Canada May Legalize Drunken Canoeing

Pull over and step out of the canoe, please

The National Post reports that Canada’s parliament is considering a bill to “clear up a grey area in the Criminal Code” that police have apparently exploited to bring drunk-driving charges against canoeists, kayakers, and even inflatable rafters people just floating around on inflatable rafts. I’m not sure it clears up everything, but it’s an improvement.

In my opinion, they are missing a golden opportunity to clarify Zamboni law, but maybe this will be fixed in committee.

According to the report, Parliament is revisiting the country’s impaired-driving laws partly to address the impending legalization of marijuana, but also because they just aren’t very clear. Some of the problems stem from the all-too-familiar (at least to us) failure to define clearly the kind of “vehicles” to which these laws are meant to apply.

Under current law, it’s an offense (well, an “offence,” but I’m translating) to “operate” a “motor vehicle,” “vessel,” “aircraft” or “railway equipment” while impaired. Railway equipment doesn’t seem to pose too many definitional problems, so let’s set that aside. To “operate” the other things means to “drive” a motor vehicle or to “navigate” a vessel or aircraft. So far, so good. But now, the things.

A “motor vehicle” is one “drawn, propelled or driven by any means other than muscular power,” apparently either human or animal. Because “aircraft” and “vessel” are treated separately, it seems fairly clear that a “motor vehicle” must travel on land. I think we can conclude at least that operating a horse, bicycle, unicycle, or similar “vehicle” while impaired is not covered by this law (though still a very bad idea).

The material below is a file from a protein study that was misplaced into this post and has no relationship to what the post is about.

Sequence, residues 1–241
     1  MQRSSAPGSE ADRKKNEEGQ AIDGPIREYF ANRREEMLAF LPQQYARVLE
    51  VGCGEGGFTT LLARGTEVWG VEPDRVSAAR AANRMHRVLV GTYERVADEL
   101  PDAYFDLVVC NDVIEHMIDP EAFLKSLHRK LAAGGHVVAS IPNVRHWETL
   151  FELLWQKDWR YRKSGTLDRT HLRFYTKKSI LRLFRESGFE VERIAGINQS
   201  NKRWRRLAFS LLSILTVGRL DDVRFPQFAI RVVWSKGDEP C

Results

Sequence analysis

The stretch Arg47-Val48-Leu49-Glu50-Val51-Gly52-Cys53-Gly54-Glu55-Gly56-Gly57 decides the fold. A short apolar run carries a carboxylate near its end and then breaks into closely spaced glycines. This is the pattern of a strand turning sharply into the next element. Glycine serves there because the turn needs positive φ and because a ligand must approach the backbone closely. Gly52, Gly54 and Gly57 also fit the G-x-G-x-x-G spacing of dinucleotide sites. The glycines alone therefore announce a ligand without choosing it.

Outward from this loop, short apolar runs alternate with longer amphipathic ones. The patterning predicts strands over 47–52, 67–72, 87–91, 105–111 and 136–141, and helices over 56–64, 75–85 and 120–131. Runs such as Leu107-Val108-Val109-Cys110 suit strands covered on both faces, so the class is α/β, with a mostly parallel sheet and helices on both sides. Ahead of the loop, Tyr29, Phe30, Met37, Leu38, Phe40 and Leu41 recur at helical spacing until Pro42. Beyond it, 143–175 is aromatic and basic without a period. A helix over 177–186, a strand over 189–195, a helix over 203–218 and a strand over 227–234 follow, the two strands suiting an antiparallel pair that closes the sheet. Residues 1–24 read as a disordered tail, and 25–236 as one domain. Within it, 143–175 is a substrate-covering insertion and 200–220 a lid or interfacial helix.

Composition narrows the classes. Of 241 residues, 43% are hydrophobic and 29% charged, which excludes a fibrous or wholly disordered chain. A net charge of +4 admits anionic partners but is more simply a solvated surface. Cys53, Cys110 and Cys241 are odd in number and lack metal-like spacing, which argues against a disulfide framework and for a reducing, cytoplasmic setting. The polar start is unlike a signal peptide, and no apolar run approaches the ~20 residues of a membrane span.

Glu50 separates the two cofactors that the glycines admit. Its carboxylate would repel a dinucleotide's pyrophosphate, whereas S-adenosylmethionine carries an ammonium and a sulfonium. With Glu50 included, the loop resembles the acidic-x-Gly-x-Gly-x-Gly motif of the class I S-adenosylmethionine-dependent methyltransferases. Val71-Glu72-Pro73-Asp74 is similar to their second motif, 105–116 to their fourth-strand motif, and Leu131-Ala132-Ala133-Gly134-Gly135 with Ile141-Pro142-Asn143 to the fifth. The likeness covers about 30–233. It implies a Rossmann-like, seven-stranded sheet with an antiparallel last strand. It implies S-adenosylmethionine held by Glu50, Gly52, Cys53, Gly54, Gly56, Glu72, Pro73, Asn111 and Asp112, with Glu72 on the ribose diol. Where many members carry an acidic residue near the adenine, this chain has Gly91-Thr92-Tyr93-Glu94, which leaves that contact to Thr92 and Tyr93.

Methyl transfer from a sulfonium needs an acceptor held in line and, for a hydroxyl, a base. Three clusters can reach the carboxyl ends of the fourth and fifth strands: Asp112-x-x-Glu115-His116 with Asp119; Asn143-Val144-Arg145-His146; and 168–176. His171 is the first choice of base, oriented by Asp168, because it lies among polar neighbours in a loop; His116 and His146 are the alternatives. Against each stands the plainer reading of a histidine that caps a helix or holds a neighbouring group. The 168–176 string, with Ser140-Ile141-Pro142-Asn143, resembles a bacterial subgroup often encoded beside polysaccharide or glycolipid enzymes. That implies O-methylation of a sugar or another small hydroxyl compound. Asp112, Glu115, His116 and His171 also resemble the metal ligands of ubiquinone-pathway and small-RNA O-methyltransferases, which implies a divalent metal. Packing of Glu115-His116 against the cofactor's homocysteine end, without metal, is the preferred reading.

So what is a “vessel”? Well, the code doesn’t define it, except to say that the term includes “a machine designed to derive support in the atmosphere primarily from reactions against the earth’s surface of air expelled from the machine.” Huh?

After staring at that sentence for a while, I realized they meant “hovercraft.” Similarly, Parliament did not define “aircraft,” except to say that the term does not include “a machine designed to derive support in the atmosphere primarily from reactions against the earth’s surface of air expelled from the machine.” At some point, that is, Parliament decided the status of hovercraft had to be clarified, and it determined they would henceforth be considered vessels and not aircraft. Okay, fine—but hovercraft also travel on land, which other vessels don’t. Are they still “vessels” then or do they suddenly become “motor vehicles” at that point? And what about gliders or hang gliders? Well, they aren’t hovercraft, that’s for sure. But are they “aircraft” for this purpose? Does an aircraft—or a vessel—need to have a motor, in other words? It’s not clear.

And while there’s nothing in the report to suggest that hovercraft-related ambiguity has become a problem (yet), the vague definitions have posed problems for operators of motorless waterborne craft:

There have been numerous [impaired-driving] charges against canoeists in Ontario, where police vigorously patrol the waterways throughout the summer and the provincial government has stated that canoes, kayaks and even inflatable rafts all count under impaired driving laws.